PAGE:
“But we have a good side out and we like to think we can go to Cardiff Arms Park and do ourselves justice.
“The Blues haven’t had the start they would have liked but I thought their away win at Connacht was remarkable. They have a huge amount of experience and a huge amount of international caps, so we know we’re up against it.
“But we are on the right track here. We have a short, a medium and a long term plan. We are ambitious – the board is ambitious, the new chairman is ambitious, and I’m ambitious. Players want to represent the region in a positive way and we’re working hard.
“I think we’ll see positive moments this season and we will stick to what we need to do to get us there. There is a lot of positivity about what we’re trying to do among both Dragons players and supporters at the moment.”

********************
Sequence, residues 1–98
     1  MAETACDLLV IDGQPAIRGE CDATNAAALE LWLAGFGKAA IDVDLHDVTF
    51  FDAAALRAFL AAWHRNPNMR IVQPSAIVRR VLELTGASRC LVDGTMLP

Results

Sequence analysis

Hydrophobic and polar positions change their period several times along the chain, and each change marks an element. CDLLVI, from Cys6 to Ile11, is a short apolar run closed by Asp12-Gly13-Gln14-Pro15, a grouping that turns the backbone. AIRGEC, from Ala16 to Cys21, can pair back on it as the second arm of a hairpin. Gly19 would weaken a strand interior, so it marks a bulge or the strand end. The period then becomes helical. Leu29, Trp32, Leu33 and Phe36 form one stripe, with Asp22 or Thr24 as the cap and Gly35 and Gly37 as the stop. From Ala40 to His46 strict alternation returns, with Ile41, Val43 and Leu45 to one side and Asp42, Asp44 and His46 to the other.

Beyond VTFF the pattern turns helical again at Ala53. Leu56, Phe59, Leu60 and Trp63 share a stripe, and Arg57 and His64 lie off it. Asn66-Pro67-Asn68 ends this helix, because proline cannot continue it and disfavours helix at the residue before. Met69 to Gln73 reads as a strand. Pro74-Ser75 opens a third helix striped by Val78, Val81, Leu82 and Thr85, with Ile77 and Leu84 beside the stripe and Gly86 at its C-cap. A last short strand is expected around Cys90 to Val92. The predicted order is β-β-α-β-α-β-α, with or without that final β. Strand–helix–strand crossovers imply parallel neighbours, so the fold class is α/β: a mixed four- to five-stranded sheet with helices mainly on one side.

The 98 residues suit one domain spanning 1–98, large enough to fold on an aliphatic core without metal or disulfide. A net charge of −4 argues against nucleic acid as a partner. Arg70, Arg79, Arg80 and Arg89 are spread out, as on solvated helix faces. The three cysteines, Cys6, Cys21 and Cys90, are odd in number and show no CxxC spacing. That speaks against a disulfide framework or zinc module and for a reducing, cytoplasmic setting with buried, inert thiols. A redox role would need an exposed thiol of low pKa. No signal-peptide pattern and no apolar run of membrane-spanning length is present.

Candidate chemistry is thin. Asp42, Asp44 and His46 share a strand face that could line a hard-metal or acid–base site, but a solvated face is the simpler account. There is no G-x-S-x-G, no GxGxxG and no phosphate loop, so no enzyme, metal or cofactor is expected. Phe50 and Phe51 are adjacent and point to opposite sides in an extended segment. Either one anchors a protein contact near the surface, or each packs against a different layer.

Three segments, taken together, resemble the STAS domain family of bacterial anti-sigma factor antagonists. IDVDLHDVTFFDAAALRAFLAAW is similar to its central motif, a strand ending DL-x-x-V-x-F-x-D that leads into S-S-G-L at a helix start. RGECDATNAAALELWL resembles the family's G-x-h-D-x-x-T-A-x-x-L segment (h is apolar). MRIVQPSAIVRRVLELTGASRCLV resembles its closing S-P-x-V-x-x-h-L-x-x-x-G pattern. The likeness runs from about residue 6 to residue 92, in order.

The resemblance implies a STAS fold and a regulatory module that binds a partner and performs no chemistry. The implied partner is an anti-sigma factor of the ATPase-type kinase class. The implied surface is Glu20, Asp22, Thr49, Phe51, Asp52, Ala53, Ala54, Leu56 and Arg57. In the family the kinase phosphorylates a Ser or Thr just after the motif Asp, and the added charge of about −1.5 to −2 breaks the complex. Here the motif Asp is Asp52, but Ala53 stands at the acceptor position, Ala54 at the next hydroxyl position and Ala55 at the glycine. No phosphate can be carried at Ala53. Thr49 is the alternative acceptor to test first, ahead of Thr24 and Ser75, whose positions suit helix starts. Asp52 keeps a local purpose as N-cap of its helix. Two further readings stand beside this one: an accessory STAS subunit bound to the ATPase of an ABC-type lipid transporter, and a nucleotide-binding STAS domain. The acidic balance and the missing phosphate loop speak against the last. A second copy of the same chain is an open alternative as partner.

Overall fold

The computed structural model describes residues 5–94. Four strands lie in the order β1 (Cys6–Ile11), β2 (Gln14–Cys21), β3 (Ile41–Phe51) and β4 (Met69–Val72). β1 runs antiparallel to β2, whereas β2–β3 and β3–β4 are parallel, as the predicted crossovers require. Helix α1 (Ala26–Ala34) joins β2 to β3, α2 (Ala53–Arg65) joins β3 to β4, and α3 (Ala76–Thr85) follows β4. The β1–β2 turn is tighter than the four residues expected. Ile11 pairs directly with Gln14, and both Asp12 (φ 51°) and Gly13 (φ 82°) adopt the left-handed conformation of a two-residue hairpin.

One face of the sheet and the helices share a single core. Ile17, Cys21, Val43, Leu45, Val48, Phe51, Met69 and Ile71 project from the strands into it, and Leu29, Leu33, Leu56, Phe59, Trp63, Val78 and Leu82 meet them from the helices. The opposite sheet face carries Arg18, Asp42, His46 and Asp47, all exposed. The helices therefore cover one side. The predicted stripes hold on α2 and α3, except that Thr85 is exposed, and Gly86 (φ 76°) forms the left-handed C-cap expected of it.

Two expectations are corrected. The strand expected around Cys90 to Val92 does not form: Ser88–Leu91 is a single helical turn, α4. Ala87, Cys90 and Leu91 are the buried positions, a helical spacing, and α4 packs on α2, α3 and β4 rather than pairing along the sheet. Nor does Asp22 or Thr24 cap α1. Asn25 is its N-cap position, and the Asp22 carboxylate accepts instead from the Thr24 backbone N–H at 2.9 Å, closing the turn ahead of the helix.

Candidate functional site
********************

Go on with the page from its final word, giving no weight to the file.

Central to the Dragons’ two victories so far this season has been Gavin Henson. He may have turned 35, but his experience at outside-half and his rhythmic picking of the right pass, timed at the right moment, gives stability to what could otherwise be a parade of headless chickens.
Jackman is a big admirer of Henson, a respect for the former Wales star’s high standards that dates back to the time before Jackman’s own playing career ended six years ago.
“Gav has been brilliant. I’ve always admired him from afar. I always found it difficult to play against him because he just has so much time on the ball.
“He is the ultimate professional and he’s done a lot of mentoring with our youngsters. On the field, with a young pack where the average age is 24, he is just making sure we are playing in the right areas.
“He’s a class act and I couldn’t speak more highly of him.”